Chinese refinery capacity is going to be surplus

Capacity of energy supply in China is going to be surplus. Significant supply shortages of fuel or electricity were frequently seen during past high demand seasons in the country. It was the adverse effect of the fast growth of economy. Although growth of petroleum demand has been slowing down apparently in a past couple of years, new refining facilities are installed based on the forecast that the demand would continue to increase on the previous pace.

Total crude oil processing capacity in China was estimated at 10.8 million barrels per day as of end-2011. It had increased to 11.5 million bpd a year later. Currently the country seems to have 12.3 million bpd of crude oil processing capacity. Utilization rate of the refineries were nearly 90% in late 2011 and late 2012. But it might have been decreasing to below 80% at moment.

Crude oil processed in November fell 0.6% from a year ago to 9.81 million bpd, according to the National Bureau of Statistics of China. It was the second time year-on-year decrease in this year.

Many organizations are estimating Chinese petroleum demand. But some of those numbers might have been overestimated.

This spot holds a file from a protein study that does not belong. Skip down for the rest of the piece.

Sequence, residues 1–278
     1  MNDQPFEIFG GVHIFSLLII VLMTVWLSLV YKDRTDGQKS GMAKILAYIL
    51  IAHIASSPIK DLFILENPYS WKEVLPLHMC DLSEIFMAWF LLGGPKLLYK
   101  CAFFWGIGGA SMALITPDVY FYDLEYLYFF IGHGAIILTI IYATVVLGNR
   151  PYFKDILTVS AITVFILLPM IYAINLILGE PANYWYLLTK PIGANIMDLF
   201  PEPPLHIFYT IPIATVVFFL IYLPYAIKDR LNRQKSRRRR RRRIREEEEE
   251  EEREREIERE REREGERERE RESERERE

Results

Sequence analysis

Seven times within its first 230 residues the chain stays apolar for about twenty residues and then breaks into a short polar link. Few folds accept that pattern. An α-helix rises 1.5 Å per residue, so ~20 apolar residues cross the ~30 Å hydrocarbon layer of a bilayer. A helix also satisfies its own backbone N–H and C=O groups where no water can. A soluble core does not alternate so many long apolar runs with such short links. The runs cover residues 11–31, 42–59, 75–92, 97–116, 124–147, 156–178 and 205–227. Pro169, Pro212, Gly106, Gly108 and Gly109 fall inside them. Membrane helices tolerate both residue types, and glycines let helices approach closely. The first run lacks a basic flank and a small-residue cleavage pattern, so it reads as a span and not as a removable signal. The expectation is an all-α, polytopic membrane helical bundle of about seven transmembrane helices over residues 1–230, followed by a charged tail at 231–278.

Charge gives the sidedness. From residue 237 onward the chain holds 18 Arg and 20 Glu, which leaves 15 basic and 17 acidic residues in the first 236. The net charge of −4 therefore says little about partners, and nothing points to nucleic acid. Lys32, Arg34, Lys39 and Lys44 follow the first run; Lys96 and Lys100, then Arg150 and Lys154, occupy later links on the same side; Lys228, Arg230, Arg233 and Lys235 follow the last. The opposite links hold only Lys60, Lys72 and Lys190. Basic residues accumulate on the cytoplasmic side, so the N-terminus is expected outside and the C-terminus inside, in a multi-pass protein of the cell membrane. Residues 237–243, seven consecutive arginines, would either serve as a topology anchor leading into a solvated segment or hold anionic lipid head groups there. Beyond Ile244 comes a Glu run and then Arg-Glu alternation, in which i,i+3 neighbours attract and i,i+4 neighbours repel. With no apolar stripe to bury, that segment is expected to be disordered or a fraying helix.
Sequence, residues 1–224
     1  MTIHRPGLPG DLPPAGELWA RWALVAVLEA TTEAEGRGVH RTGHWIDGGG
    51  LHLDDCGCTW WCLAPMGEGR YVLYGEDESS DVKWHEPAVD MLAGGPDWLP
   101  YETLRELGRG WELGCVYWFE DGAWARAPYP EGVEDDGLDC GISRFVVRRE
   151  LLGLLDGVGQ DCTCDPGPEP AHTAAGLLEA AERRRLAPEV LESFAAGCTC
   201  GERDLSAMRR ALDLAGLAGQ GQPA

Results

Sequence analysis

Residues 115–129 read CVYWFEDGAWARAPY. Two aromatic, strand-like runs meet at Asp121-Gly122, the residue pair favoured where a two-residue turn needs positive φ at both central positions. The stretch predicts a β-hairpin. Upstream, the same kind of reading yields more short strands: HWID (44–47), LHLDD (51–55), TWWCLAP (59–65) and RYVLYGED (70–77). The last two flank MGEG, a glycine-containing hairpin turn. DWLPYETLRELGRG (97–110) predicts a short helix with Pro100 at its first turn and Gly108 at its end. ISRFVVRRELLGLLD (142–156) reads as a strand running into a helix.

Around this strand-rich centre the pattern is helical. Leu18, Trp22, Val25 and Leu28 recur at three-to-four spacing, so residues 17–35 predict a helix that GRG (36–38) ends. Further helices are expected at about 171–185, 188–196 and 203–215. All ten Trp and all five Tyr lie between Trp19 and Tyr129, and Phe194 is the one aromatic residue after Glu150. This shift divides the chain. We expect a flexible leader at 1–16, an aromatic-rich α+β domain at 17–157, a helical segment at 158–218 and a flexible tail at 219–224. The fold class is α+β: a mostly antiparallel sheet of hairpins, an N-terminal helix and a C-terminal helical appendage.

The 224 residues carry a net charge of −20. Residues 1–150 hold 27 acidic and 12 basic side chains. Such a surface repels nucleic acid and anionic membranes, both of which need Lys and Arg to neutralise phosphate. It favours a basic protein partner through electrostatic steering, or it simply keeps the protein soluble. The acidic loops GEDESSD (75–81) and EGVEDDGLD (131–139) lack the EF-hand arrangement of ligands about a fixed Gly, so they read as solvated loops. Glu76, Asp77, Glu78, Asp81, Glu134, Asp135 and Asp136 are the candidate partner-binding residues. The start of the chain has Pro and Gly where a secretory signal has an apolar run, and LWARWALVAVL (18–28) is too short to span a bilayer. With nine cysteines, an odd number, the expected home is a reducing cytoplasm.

Monthly Chinese petroleum demand figures estimated by the United States Energy Information Administration have exceeded the 10 million bpd level consecutively since April 2012. However, monthly apparent petroleum demand in China calculated by Platts have hovered below the level since March this year.

I am also calculating Chinese petroleum demand with considering a change of stockpile as well. The numbers are even lower than Platts, since stockpile of petroleum products are sometimes significantly risen when crude oil processing is increased.

The level of 10 million bpd seems to be a barrier against the growth of Chinese petroleum demand now. If refining facilities will be added by several percent from the previous year, utilization rate could sink to the middle of 70% level in 2014.

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